When people ask me about what it was like in the mid 90s when I first started my business, I like to joke that back then I was a GREAT rep. Wasn’t everyone great at their jobs back then? The phone always rang, we couldn’t keep a portfolio in the office and the fax machine was the most used piece of equipment in the office next to our phone.
Right around that same time, the Epson printer became affordable. Photographer websites were becoming a reality. Everyone who liked taking pictures now had access to technology that allowed them to call themselves a photographer. The barriers of entry were disappearing.That was ok though, there was plenty of work to go around.Fast forward 15 years and the landscape has drastically changed again. The dot com bubble long ago burst, the website replaced the portfolio and social media became a common marketing term. And of course, the economy crashed – for a second time.
In our group, the survivors were the ones who had the least amount of overhead, the largest amount saved for a rainy day and hands down, the ones who created the most amount of new work. They kept advertising because we reminded them over and over that if they advertised during a time when their competitors weren’t advertising then their voices would be louder. A lot louder. It worked and they are all still in business.
Now, times are such that photographers can no longer depend on their agents to do all the marketing and sales. It is required that photographers have their own voice and sell themselves and their work. The days of choosing a source book or two and sending out an occasional mailer are over. Frequency, consistency and variety are crucial in any marketing plan. We tell our photographers all of the time that they need to mirror what we are doing for them and have a marketing presence all of their own if they want to survive. When they participate, the power of their marketing is exponential.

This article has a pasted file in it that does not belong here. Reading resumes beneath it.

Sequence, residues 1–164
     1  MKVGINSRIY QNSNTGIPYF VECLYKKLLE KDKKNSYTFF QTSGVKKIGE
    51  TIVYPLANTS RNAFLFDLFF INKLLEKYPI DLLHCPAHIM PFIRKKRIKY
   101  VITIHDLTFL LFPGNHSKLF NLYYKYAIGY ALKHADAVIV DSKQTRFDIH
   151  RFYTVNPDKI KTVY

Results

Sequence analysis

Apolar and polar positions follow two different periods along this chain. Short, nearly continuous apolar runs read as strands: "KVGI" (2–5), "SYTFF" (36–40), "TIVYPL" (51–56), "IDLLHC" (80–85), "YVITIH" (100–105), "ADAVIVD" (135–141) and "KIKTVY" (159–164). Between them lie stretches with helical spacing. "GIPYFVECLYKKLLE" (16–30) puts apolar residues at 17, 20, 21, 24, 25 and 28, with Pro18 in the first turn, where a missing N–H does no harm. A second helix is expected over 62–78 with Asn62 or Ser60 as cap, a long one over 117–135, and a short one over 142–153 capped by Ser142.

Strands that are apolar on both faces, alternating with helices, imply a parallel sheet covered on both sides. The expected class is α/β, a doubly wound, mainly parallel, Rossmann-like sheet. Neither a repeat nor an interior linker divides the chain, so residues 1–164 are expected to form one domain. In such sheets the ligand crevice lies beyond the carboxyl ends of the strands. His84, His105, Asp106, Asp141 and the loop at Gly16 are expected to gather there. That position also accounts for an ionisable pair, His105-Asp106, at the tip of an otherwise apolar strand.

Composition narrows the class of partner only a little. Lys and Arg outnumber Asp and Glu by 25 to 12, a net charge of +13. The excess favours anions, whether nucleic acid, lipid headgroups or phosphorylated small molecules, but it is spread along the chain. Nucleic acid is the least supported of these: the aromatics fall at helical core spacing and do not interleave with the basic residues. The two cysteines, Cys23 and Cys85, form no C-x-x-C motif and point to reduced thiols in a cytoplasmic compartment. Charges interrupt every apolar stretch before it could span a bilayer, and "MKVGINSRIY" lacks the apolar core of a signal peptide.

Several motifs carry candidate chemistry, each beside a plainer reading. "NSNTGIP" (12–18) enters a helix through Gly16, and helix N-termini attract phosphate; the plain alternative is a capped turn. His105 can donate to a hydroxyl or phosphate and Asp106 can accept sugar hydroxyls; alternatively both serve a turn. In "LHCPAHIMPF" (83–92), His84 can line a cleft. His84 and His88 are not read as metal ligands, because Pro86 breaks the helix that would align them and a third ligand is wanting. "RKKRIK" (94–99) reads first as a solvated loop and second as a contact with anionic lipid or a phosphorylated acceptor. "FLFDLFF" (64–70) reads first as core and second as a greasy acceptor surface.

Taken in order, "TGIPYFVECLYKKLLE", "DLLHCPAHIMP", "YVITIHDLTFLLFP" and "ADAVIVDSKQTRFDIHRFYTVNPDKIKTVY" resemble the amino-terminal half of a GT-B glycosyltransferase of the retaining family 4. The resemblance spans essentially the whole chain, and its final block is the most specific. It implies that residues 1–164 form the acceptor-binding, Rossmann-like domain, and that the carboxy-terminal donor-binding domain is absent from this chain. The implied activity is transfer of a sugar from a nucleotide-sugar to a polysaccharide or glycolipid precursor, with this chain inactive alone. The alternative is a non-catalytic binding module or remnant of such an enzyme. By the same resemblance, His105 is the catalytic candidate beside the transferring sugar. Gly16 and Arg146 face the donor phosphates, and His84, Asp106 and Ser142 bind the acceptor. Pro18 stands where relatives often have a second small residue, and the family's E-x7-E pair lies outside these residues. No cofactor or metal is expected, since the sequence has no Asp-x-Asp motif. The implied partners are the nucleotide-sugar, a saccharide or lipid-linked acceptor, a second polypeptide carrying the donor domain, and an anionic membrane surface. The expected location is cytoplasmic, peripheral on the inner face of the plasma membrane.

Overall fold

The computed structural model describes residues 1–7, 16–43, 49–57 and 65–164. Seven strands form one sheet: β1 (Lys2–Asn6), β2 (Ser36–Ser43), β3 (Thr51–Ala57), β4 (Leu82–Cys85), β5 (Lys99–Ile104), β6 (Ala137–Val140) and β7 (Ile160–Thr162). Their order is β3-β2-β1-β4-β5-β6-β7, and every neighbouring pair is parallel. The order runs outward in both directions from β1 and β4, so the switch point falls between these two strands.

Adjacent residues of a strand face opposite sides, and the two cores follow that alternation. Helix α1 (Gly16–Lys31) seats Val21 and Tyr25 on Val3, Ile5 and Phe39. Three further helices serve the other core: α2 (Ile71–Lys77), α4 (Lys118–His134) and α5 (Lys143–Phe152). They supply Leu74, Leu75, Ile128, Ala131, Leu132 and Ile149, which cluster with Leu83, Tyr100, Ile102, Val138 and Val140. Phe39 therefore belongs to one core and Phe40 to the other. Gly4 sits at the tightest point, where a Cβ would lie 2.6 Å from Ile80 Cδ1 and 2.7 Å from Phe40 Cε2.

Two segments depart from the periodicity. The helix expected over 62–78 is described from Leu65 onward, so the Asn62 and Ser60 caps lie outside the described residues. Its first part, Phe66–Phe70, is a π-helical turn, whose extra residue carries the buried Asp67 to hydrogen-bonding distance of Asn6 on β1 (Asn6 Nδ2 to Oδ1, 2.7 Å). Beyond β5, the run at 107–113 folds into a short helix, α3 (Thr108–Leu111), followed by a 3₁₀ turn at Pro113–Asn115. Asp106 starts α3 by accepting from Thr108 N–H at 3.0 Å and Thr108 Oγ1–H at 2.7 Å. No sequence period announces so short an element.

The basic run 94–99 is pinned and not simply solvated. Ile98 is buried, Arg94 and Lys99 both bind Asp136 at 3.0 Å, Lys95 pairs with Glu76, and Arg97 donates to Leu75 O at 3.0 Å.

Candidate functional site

And, with that power comes more jobs. We are happy to report that our inbox is busy with bid requests again (the phone isnt ringing of course – who calls anymore?). The bad news is that budgets are still way down, fees are lower than they have even been and it is starting to feel like a new bar has been set.
This time it isn’t just the economy. There are other reasons. Clients want way more usage and access then they ever have for way less money.Many clients don’t understand copyright law and aren’t interested in learning. Their mindset is no longer that they don’t have the budget, it is that they don’t think they should pay as much as they used to for it. As consumers they are used to instantly downloading content and for next to nothing prices. They are transferring that mindset to their jobs and the people they hire.This idea of wanting more for less comes up with every project we estimate. Many would say that clients no longer want to pay what they used to for commissioned work. I would say that clients will still pay for commissioned work but HOW they judge value has changed. Maybe they don’t value licensing as they used to but they ARE placing value somewhere. When you find it, you will be compensated for it.
We were recently challenged by a colleague to figure out what it is that clients are willing to pay for now, even if they don’t know what it is themselves. He inspired us to challenge the photographers in our group to reframe how they think about their business, decipher what is valuable to a client now and figure out how they can best participate as things evolve yet again.
We know that our group is up for this challenge. They have gained insight from the past and are already making changes to their business models that are yielding results. They have found their glasses to view the future, have you?